Ten Museum Park – Offering the Best Favela Experience in Miami

cropped-bananas-for-web1.pngCongratulations to the Board members, David Polinsky (he resigned recently), Juan Douzoglou and Maiko Xavier on their decision to follow the “design” direction of Dominique Bonet of Linear Designs who recommended the use of Bolon in the residential halls.  Despite many protests, including a Design Committee that expressed many reservations about the product, the Board, without the requisite number of votes from residential owners required to make these changes as advised by the residential association attorneys, went ahead and installed this product.  In fact, the Board acknowledged and agreed that they needed a 75% vote of owners as indicated in Board minutes but then just decided “what the hell, let’s just do it”.

As the product was being installed, it was evident that not only did it look and feel cheap, indeed it presented acoustic challenges – mainly, as one exits the elevators, it is as if one is entering an echo chamber – noise bounces.  If one is standing by the elevators, one can hear every conversation that neighbors are having in their units with complete ease.  If one is so fortunate to live on a floor in which there are dogs, the experience is something like living in dog kennel.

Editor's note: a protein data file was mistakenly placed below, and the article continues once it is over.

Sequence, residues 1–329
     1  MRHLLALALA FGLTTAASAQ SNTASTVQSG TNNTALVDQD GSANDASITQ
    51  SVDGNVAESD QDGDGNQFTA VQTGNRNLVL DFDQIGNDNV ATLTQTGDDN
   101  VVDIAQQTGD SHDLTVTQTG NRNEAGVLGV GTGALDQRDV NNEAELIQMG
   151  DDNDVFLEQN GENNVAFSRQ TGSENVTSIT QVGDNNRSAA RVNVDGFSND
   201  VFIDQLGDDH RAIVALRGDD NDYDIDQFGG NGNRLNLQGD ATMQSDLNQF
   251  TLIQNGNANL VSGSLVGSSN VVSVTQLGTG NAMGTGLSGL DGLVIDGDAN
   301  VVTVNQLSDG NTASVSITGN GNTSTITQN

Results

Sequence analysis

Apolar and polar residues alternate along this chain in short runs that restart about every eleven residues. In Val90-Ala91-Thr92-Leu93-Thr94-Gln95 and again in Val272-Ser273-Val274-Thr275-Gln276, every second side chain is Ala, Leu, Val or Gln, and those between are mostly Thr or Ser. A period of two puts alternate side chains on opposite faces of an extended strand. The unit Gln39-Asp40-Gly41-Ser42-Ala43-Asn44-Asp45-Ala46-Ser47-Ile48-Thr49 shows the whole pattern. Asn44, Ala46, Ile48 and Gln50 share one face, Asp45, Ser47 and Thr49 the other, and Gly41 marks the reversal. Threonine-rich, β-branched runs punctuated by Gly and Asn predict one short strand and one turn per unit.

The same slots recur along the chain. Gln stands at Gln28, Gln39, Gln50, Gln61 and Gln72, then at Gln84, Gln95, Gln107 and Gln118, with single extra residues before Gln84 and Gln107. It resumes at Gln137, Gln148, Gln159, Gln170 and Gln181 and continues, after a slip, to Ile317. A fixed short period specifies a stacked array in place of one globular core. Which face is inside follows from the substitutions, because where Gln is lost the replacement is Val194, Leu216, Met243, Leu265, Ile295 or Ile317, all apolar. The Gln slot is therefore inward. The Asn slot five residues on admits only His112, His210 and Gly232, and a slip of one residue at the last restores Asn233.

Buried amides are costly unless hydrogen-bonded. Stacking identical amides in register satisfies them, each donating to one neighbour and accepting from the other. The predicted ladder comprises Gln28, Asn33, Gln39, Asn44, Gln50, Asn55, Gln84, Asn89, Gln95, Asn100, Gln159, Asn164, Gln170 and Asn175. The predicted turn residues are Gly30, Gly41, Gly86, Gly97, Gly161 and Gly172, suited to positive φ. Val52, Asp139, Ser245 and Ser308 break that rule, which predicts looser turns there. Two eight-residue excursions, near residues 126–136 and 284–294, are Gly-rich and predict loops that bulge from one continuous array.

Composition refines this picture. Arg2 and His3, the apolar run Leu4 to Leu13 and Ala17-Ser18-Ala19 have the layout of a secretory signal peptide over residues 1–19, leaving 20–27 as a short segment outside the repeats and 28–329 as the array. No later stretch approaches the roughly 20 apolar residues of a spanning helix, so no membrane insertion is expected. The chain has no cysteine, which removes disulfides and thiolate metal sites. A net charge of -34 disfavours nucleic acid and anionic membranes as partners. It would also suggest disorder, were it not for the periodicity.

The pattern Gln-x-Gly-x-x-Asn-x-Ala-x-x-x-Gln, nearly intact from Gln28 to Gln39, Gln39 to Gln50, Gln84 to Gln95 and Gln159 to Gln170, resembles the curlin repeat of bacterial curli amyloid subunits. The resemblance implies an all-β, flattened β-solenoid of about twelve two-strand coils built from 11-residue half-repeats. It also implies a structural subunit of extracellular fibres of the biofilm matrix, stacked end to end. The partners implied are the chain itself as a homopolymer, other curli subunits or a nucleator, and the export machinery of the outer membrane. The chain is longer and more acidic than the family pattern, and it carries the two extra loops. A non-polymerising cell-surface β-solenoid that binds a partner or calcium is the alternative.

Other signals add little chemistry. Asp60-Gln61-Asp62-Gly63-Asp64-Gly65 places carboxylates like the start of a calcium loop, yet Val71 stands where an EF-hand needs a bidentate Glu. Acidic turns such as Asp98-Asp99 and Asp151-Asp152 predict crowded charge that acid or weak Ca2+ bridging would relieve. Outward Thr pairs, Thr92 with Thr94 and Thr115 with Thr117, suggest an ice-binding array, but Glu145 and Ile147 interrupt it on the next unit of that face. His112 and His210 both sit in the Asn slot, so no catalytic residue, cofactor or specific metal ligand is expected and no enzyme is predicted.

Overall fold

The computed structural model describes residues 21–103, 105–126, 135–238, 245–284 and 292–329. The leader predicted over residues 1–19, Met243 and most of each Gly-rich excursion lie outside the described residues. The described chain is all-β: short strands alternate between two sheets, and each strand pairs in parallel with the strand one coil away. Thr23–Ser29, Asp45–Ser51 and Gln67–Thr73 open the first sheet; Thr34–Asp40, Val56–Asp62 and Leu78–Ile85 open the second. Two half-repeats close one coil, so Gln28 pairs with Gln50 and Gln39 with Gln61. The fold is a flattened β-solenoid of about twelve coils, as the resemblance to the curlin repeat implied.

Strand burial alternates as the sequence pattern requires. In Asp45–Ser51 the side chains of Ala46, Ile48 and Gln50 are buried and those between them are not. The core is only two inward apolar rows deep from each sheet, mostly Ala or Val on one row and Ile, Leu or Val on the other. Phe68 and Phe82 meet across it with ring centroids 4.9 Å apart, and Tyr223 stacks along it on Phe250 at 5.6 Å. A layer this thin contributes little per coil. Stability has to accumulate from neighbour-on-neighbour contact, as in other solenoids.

Some residents report being awakened by the closing of doors by neighbors, never before an issue or being able to hear dogs barking in units on the other side of the building.

A couple of residents actually made tape recordings while the Bolon was being installed initially, making a sound recording in the hall with the original carpeting, in the hall with the Bolon flooring, in the hall with a wool carpeting and in the hall with only cement.  Though clearly this is not a scientific experiment, the difference is sound quality and acoustic integrity is mind blowing.  These recordings were sent to the Board and they did not respond to the resident who recorded these whatsoever.  During the meeting, a discussion ensued about bringing in an acoustical engineer to: 1) access whether the Bolon was actually living up to its promises on sound quality – the Board had ordered a new and improved version apparently that was supposedly better acoustically; 2) provide input on measures that could be taken to improve the issue.  Further, if in fact Bolon was not living up to its promises, steps could be taken to rectify the situation directly with the company.  The Board has done nothing.